The Side Door…

Time for another short fable, for those who enjoy that sort of thing.

It’s been a while since i’ve done one of these. (See previous ones under Allegory.) I find that the brevity and symbolism have a unique way of getting at something i’m feeling or experiencing.

Most times when i write these, i have an interpretation in mind, although some meanings come about in the process that i didn’t consider at the outset. (This one began with the first few lines given as a writing exercise, but soon took on a life of its own. Alternate title: Beyond Doubt.)

Please do let me know ideas or meanings that come to you from this story. I also invite you to write your own continuations of the story in the comments.

As always, thanks for reading.

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The Side Door

Out for her daily walk, lovely Dubia blinked twice and looked again. Could it be?… Yes, definitely, it was Paul — walking toward her. It had been several years since their last contact. Her hands trembled as she drew her jacket tighter against the cold wind. What was he doing here?

Here on the boardwalk along the river, where she had long ago tried in vain to connect with Paul, the odorless cold now hinted at the coming snow storm.

The present light dusting had not yet made her steps uncertain, but would soon.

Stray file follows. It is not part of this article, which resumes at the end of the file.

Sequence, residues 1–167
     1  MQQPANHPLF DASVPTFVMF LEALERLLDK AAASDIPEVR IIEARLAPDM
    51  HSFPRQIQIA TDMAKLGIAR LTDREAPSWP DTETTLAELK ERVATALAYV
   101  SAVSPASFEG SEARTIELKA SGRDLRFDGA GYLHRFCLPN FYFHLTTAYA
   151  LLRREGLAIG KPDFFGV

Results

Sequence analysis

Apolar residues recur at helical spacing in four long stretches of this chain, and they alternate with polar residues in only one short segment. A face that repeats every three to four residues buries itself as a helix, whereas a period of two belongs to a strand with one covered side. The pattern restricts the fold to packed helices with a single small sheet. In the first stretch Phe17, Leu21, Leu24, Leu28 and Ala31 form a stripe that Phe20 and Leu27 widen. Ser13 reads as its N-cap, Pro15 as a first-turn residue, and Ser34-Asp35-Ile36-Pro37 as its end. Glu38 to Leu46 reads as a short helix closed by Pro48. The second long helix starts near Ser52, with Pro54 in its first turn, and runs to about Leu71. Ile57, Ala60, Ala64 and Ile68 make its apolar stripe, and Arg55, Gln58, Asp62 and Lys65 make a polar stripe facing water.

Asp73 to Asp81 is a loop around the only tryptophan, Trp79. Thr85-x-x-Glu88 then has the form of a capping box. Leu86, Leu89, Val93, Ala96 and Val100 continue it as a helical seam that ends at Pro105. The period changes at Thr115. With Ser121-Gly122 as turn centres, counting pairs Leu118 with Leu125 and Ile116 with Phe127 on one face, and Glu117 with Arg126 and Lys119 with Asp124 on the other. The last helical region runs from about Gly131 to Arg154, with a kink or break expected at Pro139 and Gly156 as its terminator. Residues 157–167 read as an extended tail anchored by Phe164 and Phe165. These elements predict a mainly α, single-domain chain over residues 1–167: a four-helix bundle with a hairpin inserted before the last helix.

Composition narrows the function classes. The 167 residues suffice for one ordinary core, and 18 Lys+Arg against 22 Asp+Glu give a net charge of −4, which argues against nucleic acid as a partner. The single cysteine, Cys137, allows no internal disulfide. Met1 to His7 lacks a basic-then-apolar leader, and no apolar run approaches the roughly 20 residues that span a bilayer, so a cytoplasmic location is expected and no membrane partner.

Away from the elements and close to her body, she carried a shivering kitten. Pausing momentarily to unbutton her jacket, she reached in and reassured the tiny creature, then bundled up tightly again to protect them both from the bluster as she strolled.   

Fishing shanties dotted one side of the wood-plank walkway. On the other was the river, lined with idle fishing boats waiting for their owners to take them to their winter storage places.

Most of the diminutive old buildings had been restored, now housing cafes and other shops. Just past midday, the clinking of cafe dishes paired pleasantly with the muffled clanking of chains that moored the few remaining vessels.

Just one shanty was shabby and still, apparently abandoned. The door facing the walkway was padlocked, but there was a side door someone had left ajar.    Continue reading

What did Chopra say?

mill pondEven though i have gradually shed my belief in a god, i remain intrigued by and sympathetic to the human impulse toward belief, particularly the longing for a personal god who sees each individual as uniquely valuable.

For this reason, i found myself in agreement with the following teaser sentence for a Deepak Chopra column about why god still matters:

“‘With the workaday world filled with suffering and frustrated ideals, there’s a huge incentive to look beyond the horizon to a God that will continue to evolve for the simple reason that humans never stop evolving,’ says Deepak Chopra.”

While some believers will take issue with an assertion of god evolving, the idea of looking to the horizon for something or someone which provides meaning beyond the mundane seems to resonate broadly. As scholar Karen Armstrong has shown (“A History of God”), conceptualizations of god evolve. As for Chopra’s column, that turned out to be the only sentence i could agree with. His seven brief paragraphs offer a breezy vacuity that nonetheless at least manages to illustrate the pitfalls he warns others of.    Continue reading